FNA stands for Fine Needle Aspiration. Sorry, I forget that sometimes people don't know what the abbreviations stand for. I know I didn't when I first came to this forum. It is a method of biopsying thryoid nodules. They numb the skin around your thyroid nodule and then insert a fine needle into the nodule four or five times and draw out cells to biopsy. I was originally scheduled to have two nodules biopsied but when I arrived for the FNA they did the thyroid ultrasound (u/s) and found six nodules that needed biopsied. They can only do four at a time so I had four done. One of the four nodules showed cells suspicious for cancer. All nodules showed Hashimoto's.
Glad things went so well. Part of the sore throat was probably from the intubation too. Sorry about being sick. I was for my 2nd surgery and that part of it was no fun (sneezing - Noooooo!)
*If* it is papillary carcinoma or usually follicular and is Stage I and small (under 1cm) the protocol is not to do RAI but to just monitor your TSH and Tg levels every 6 months. The only reason I had to have RAI after Stage I papillary carcinoma is I had a recurrence three years later.
Your doctor will determine the starting dose of your thyroid replacement meds based off of your body weight then will have to "tweak" them from there because each of us is so different.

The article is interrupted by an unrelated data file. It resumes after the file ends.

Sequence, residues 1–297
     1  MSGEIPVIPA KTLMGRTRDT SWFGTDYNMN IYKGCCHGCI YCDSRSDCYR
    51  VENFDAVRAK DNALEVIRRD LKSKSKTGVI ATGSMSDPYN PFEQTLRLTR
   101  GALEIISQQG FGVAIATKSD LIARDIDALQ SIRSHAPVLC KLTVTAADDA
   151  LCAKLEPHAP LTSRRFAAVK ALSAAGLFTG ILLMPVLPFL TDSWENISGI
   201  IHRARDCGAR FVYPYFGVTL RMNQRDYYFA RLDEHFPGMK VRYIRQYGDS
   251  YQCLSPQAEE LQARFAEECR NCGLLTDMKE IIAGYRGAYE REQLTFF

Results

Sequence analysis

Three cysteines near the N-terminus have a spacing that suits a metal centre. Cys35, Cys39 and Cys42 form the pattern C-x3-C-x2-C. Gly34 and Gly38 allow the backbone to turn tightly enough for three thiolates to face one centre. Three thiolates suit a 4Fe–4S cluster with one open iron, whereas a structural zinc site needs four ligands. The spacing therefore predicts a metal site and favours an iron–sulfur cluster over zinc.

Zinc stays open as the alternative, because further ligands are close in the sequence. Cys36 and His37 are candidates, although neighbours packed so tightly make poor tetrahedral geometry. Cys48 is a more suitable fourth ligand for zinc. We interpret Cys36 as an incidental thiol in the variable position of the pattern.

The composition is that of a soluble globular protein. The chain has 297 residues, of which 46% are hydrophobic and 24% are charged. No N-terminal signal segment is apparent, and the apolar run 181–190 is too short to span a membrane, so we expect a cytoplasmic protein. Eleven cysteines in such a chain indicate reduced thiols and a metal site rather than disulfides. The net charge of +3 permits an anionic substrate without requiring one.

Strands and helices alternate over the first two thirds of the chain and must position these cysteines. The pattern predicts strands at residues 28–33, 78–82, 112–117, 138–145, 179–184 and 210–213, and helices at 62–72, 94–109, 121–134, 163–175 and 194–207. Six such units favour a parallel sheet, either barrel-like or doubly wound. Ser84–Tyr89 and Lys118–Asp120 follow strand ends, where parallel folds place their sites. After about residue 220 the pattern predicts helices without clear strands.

I'm glad things went so well. At least you got that suspicious monster out. Let's all hope for "benign" on the pathology! Either way, we're all here for you.
~:> ):= welcome to the chicken club and the double smile club.
I am glad to hear you got through that surgery oK! I have to have that as well in about 2 weeks for a substernal thyroid and I cant believe how much reading these posts has helped me feel better about it....I cant belive you got sick after wards though! I have had thyroid surgery before and I remember that incredibly sore throat. where you cant really talk at first.. and then to have to cough on top of that! You sound like you made it through great though
i'm new to all of this. i meet with the surgeon on tuesday. info on this site is very helpful. i'm confused about the meds after surgery. sounds like you go about a week before the hormone replacement is given. what do you do in the meantime and how does your body handle it (assuming you have the entire thyroid removed)?